Image: The Kilowatts | Gali | Tesmanian
Model Y with 4680 battery cells shows signs of artificial range limitation. Considering that the performance of the new battery cells is higher compared to 2170, this could be a real case.
The Kilowatts/Twitter, who recently received their Giga Texas-made Model Y, closely watched the car equipped with 4680 battery cells to notice the difference compared to the Model Y equipped with 2170 battery cells. The team was successful in this as they noticed some details that point to the possible superiority of the Model Y from Texas, and so they share their observations.
The Kilowatts decided to test how fast they could charge the car from 0 to 100%. After having driven the car until it reached 0 range, they noticed some interesting things. According to the report, the Model Y drove another 3 miles past the "0 miles" mark, and, most interestingly, the car did not appear to have entered economy mode, as it was seemingly no impact on acceleration. This was a demonstration to show that, even at 0% charge, the car did not experience limits to its performance.
In addition, The Kilowatts reported that they were able to charge the car from 0 to 97% in just 52 minutes. The group noted that the charging curve was also interesting. The Kilowatts noted that once plugged in, there was an immediate jump to ~250kW, which is not typical for other vehicles of the company. Typically, the rise to 250 kW is slow and then slowly tapers down throughout the charge cycle.
0% -> 97% in 52 minutes for our MIT Dual Motor Model Y— The Kilowatts 🚗⚡️ (@klwtts) July 1, 2022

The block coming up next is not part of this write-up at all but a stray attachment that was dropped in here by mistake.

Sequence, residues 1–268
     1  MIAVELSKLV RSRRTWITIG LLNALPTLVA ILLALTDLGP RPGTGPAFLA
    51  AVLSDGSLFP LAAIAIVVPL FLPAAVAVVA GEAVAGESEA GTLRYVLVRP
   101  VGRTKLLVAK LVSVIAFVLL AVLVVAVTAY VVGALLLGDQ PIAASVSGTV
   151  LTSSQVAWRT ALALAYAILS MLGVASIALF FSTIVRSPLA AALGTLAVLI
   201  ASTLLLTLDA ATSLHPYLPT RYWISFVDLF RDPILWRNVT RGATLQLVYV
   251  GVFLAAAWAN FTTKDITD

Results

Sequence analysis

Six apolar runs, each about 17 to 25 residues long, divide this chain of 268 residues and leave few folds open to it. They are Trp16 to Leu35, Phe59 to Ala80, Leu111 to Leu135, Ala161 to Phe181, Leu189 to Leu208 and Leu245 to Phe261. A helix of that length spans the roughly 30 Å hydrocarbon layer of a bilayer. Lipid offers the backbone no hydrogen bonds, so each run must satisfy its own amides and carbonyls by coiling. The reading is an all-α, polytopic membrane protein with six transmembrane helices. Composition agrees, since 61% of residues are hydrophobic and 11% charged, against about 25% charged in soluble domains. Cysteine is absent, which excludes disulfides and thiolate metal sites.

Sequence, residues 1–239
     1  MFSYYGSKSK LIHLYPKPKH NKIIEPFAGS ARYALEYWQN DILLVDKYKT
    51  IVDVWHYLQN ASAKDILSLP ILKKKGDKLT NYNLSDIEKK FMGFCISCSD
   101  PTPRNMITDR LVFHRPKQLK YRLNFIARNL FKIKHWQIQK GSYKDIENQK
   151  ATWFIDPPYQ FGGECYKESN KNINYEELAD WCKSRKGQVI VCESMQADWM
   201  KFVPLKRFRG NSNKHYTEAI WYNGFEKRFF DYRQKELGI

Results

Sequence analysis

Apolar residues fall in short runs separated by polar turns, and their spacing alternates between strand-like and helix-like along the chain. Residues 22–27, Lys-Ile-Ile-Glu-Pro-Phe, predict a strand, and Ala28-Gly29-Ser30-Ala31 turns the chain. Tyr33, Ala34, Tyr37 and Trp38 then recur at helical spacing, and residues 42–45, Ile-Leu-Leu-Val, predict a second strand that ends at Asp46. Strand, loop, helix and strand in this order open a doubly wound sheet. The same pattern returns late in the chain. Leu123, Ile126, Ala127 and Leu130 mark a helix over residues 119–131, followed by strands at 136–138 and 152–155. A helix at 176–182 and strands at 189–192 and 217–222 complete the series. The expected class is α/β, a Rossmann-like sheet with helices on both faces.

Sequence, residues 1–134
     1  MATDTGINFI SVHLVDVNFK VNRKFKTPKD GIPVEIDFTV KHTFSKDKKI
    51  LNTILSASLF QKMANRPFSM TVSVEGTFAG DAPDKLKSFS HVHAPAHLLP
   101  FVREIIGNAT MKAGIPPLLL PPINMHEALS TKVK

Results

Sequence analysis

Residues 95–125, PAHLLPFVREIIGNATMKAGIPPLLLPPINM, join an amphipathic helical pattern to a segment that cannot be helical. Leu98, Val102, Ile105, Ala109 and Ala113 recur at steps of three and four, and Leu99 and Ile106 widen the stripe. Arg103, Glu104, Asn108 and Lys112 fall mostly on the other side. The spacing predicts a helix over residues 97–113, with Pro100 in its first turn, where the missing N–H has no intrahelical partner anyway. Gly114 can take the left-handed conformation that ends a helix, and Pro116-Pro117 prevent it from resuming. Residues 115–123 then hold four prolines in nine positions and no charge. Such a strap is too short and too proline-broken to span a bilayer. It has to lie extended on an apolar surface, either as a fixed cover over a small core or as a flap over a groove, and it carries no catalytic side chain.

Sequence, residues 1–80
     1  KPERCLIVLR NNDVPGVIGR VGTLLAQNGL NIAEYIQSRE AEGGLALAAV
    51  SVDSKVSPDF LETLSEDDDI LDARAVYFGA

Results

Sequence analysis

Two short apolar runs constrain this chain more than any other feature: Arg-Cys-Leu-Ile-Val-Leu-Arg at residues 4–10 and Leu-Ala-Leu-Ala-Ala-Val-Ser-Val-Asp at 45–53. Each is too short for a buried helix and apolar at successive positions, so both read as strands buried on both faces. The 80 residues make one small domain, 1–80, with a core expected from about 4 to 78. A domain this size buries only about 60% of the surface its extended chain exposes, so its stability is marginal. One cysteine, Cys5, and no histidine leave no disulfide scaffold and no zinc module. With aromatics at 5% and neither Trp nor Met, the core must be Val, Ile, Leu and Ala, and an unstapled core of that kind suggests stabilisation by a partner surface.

Plugged in at 12:25 am with 0 miles of range remaining (actually drove 3 miles beyond 0 with seemingly no impact on acceleration)
Unplugged at 1:17 am with 270 miles of range. 👍👍 pic.twitter.com/q4Yef2uKKe
Obviously, with the Model Y with 4680 battery cells, we see interesting differences from Model Y that have 2170 battery cells. On the one hand, we have never seen how Tesla cars behave with the new batteries, so there can really be differences. On the other hand, the details that The Kilowatts noticed could also indicate that the car's performance could be artificially limited by software. Probably, over time, we will be able to find out more details on this issue.
© 2022, Eva Fox | Tesmanian. All rights reserved.
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Article edited by @SmokeyShorts, you can follow him on Twitter
About the Author
Eva Fox joined Tesmanian in 2019 to cover breaking news as an automotive journalist. The main topics that she covers are clean energy and electric vehicles. As a journalist, Eva is specialized in Tesla and topics related to the work and development of the company.